I was a pupil at Christ's College, Finchley, between 1974 and 1981 and witnessed the impact of the imposition of the comprehensive system on one of London's finest grammar schools. Able senior teachers left, expectations fell and discipline declined. A school that had produced alumni such as Lord Young, the Chief Rabbi and Will Self is today regarded as an average comprehensive, despite its location in relatively affluent suburbia.
In contrast, Queen Elizabeth's Boys in Barnet has journeyed in the opposite direction, from unremarkable comprehensive to table-topping grant-maintained status.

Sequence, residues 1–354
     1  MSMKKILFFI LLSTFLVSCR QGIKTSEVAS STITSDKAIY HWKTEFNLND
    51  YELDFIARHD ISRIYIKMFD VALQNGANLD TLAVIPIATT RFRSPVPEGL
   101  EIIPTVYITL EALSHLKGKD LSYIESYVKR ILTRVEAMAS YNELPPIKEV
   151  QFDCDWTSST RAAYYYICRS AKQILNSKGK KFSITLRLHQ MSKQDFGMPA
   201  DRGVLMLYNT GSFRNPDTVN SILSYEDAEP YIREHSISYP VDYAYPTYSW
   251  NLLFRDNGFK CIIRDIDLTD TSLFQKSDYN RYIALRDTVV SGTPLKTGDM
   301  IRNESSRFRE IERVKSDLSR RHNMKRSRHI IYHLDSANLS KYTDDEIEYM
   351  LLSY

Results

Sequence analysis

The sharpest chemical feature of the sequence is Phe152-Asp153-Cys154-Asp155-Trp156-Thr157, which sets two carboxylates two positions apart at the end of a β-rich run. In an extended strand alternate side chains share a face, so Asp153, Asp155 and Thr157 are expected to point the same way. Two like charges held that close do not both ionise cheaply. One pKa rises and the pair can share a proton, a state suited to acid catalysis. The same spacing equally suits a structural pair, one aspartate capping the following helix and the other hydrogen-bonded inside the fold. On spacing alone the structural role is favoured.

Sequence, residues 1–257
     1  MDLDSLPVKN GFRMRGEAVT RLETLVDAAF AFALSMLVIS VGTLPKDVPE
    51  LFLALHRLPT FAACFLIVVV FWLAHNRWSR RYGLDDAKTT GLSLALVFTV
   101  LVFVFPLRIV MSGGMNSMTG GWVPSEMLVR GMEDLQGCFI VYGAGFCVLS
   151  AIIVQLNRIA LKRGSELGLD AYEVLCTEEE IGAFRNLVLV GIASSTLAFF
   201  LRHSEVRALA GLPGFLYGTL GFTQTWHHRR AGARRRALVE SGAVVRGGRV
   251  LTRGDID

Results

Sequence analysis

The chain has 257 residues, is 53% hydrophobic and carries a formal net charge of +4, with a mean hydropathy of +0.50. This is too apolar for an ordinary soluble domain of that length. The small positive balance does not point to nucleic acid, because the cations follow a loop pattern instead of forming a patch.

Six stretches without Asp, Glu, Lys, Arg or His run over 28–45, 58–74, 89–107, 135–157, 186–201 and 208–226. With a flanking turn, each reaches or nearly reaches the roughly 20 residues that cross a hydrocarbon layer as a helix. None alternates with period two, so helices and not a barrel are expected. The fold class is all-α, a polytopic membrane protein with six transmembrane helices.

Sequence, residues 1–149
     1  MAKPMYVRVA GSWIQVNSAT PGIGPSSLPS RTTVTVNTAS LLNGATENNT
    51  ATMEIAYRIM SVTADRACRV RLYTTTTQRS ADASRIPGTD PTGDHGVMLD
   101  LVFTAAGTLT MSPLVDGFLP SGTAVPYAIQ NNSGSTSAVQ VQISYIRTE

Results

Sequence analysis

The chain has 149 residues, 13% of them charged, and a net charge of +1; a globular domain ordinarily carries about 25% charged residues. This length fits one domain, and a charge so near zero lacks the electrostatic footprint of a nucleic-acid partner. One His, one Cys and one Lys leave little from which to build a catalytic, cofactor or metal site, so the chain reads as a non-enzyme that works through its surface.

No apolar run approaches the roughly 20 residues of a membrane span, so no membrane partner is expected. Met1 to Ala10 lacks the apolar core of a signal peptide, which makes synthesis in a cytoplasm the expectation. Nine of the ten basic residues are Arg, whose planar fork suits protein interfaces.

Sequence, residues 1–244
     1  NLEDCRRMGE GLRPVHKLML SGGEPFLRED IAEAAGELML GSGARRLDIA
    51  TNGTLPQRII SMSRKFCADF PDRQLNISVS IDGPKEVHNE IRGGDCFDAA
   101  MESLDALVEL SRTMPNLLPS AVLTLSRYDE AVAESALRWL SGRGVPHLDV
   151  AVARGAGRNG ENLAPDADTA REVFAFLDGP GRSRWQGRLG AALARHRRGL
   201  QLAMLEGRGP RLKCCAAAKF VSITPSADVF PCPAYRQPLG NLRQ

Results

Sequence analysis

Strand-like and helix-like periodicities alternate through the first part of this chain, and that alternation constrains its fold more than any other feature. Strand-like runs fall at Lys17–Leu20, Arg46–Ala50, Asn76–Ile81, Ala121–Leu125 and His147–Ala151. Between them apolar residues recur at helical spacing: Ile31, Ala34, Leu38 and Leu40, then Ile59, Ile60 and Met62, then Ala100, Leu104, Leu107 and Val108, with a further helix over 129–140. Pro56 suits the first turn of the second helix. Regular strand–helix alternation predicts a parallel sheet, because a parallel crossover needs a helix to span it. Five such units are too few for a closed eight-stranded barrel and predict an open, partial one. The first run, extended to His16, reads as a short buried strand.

Grammar schools produce greater upward mobility than comprehensives for bright children from ordinary backgrounds. Their abolition would damage prospects for such children, who are likely to be dragged into the morass of mediocrity which is the prevailing ethos of too many schools. Moreover, it would drive more middle-class parents into the private sector, further entrenching the public/private divide in education.
Rather than destroy some of the best examples of state educational achievement, we should seek to improve those areas of our education system that are in clear need of advancement and additional resources.